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Berlin Environmental Atlas

01.16 Potentials for the Removal of Impervious Soil Coverage (Soil Desealing) (Edition 2016)

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Methodology

The procedure was structured as a multistage concept, including a combination of research and compilation of information of local and other experts, and an evaluation based on available geo-data of the State of Berlin.

In the context of the pilot phase of the project "Potentials for Impervious Coverage Reduction in Berlin", the question arose as to the extent to which a purely automated area search based on extensive geo-data of the State of Berlin could yield usable results by being mergedwith those data, and by the use of filters. In spite of extensive attempts, no usable results could be obtained, so that the decision was made to continue with the research process using local experts, and to refine it.

Land Area Research

The research was conducted during the years 2010 and 2015, in the borough offices of the 12 Berlin boroughs. Whenever possible, representatives of the borough agencies responsible for urban planning, landscape planning and environment and conservation were brought into the process. First, those boroughs with a high proportion of sites characteristic of the outskirts of the city were investigated. The assumption that these boroughs would contain the greatest potential for the removal of impervious coverage was confirmed by the research.

Moreover, the survey was carried out at the four Berlin forestry agencies (Grunewald, Köpenick, Pankow, and Tegel). During the research in the areas of the Grunewald, Pankow and Tegel Forestry Agencies, a total of 41 areas were included which are outside the Berlin border.

Also, public and private land owners of large properties which, from their portfolios, seemed to be likely to have such properties in their inventories, were contacted.

The goal of the research was to identify areas which could be considered to be permanently no longer required for construction use, and are also not planned for urban development with impervious coverage. The requisite local, planning and other information could primarily be obtained from the interview partners in the urban and/or landscape planning authorities in the boroughs. On the other hand, a conclusive planning policy preparation of measures for the removal of imperviousness was not the purpose of the investigation. The remaining requirements for clarification or coordination were incorporated into the data compiled on the areas.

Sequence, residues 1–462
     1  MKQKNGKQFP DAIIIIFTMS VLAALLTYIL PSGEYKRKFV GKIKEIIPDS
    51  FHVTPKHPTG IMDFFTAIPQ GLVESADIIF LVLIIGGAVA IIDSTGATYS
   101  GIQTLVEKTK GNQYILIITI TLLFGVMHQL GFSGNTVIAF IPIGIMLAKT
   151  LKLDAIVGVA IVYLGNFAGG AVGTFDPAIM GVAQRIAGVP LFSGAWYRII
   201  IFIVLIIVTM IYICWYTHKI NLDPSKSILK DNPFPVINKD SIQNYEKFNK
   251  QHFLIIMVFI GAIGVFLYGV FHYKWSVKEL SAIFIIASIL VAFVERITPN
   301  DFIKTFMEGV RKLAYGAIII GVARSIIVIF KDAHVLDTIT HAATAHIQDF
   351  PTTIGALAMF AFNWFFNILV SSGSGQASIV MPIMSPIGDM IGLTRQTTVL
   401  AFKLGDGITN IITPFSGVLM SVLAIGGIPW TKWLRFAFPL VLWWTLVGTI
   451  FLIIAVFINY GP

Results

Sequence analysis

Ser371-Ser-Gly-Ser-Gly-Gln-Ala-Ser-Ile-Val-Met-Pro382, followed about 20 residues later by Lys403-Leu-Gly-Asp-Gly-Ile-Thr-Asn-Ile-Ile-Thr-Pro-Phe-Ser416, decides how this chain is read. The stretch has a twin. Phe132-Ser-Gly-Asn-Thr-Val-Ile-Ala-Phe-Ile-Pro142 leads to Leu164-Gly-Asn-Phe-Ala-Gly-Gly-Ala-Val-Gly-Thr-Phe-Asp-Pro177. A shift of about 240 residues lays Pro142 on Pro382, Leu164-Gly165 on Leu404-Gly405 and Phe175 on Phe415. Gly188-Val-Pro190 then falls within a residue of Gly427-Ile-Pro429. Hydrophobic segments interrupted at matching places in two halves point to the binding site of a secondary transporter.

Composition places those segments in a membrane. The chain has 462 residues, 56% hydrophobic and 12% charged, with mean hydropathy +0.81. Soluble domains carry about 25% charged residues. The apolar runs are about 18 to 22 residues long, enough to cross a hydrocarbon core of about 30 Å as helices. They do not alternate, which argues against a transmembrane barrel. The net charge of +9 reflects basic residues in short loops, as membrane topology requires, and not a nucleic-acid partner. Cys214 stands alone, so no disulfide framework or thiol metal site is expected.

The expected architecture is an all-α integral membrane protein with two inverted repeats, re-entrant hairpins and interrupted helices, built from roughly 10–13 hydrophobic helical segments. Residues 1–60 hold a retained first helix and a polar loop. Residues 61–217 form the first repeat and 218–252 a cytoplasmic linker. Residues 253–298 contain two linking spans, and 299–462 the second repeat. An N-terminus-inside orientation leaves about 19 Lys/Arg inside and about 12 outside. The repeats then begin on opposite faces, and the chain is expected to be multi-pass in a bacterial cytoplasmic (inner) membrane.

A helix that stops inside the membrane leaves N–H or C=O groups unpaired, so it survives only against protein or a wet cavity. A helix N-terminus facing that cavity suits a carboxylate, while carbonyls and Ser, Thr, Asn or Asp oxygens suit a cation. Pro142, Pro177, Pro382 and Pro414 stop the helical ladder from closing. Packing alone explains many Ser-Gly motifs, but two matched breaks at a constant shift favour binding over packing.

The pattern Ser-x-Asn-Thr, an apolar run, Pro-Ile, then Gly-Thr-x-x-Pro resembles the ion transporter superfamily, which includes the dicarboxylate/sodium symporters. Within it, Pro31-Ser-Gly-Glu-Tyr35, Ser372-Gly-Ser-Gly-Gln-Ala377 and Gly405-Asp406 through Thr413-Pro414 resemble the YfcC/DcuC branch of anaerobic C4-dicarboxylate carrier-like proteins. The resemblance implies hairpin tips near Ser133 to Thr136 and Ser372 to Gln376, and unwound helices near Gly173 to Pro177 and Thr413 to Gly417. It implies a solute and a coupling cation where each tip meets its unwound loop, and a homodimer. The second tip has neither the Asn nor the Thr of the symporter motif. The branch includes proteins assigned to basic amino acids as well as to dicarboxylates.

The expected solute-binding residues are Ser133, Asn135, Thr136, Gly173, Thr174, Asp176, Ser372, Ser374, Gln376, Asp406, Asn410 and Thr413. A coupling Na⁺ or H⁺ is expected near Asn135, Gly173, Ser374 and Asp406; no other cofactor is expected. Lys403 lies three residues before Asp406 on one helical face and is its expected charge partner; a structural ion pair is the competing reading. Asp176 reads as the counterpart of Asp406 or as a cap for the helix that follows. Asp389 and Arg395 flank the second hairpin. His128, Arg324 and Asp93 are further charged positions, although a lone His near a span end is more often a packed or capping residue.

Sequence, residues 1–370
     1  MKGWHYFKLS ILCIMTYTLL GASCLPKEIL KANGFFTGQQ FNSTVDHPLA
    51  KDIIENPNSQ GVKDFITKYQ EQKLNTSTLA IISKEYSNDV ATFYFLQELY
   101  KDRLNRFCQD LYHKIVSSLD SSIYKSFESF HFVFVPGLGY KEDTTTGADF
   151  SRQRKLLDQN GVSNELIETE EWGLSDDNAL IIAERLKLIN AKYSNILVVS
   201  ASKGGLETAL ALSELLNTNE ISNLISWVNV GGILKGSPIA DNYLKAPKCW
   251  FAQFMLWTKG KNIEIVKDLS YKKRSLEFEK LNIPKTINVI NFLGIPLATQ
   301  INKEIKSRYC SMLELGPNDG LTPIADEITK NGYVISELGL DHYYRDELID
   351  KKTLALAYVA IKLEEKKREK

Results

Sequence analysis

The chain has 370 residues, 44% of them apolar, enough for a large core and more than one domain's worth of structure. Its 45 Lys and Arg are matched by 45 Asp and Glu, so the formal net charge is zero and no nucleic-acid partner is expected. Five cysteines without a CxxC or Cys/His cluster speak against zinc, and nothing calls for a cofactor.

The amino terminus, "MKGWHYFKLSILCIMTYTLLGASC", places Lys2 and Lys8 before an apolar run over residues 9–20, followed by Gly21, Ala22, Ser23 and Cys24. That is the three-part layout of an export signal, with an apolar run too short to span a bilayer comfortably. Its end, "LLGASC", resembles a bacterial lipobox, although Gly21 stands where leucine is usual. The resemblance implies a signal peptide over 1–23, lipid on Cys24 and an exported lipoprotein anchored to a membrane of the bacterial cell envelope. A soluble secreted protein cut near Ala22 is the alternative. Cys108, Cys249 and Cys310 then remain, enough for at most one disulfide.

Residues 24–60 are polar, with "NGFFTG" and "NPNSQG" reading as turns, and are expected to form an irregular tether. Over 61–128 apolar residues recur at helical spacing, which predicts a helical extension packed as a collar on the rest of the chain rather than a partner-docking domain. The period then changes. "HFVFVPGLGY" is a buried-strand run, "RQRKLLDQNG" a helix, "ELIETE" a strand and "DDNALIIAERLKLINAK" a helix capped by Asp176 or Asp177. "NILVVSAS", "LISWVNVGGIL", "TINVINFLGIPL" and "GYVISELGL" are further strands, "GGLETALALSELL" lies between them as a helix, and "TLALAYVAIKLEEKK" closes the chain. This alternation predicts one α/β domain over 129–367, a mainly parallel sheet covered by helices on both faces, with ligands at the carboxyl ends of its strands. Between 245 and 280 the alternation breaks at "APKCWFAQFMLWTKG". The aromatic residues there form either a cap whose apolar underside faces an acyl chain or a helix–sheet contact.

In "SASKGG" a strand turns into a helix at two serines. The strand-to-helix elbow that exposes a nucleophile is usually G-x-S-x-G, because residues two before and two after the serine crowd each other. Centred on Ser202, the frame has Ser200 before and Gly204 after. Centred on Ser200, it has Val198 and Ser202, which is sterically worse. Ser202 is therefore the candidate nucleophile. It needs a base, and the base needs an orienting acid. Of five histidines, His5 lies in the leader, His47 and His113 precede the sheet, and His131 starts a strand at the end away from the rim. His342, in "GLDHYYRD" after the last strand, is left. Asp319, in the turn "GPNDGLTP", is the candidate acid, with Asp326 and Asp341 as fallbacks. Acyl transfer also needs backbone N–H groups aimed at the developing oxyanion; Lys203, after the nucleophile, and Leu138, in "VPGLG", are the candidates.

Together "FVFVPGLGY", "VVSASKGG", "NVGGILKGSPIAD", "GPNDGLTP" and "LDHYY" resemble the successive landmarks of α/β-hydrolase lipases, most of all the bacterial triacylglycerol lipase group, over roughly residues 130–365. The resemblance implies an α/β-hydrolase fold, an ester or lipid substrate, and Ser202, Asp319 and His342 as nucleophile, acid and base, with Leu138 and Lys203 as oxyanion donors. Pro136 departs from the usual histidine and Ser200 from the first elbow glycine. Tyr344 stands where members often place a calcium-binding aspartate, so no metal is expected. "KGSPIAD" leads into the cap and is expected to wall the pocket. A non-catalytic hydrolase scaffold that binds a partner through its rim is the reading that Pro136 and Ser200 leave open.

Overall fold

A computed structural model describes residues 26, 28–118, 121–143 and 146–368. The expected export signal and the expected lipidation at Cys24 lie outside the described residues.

Ascertainment of Factual Data

For particular potential imperviousness removal areas, a variety of information was compiled which is to aid in the evaluation of the suitability of potential "de-sealing" areas, and for the further planning (cf. Table 1). This involves primarily information on:

  • the location of areas (borough, neighborhood, address/location description, coordinates),
  • the property situation, and contact data if appropriate,
  • existing (or former) use,
  • planned use or changes in use, and
  • type of imperviousness, and extent of its possible removal.

Moreover, there is a space for comments, where unspecified information can be entered.

In order to permit a more precise assessment of the extent and cost of possible impervious coverage removal measures, a total of 102 of the areas contained in the database have additionally been photographically documented to date. A selection of these photos is contained in the factual data on the respective areas, as a link.

Soil pollution of the ascertained areas is basically possible. With regard to further handling, a case-by-case decision by the responsible soil protection authority is to be carried out. For this purpose, the ascertained date is subjected to a special comparison with the soil pollution record. If necessary, impervious coverage removal on parts of an area is possible.

Merger with Land Referenced Data

By merger with the extensive available digital land referenced data existing in the State of Berlin, information on current or concluded construction plan and landscape plan procedures, as well as information from the maps, and the map Planning Guidelines on Soil Protection were linked to the potential "de-sealing" areas, so that this information is available at a glance (cf. Table 2).

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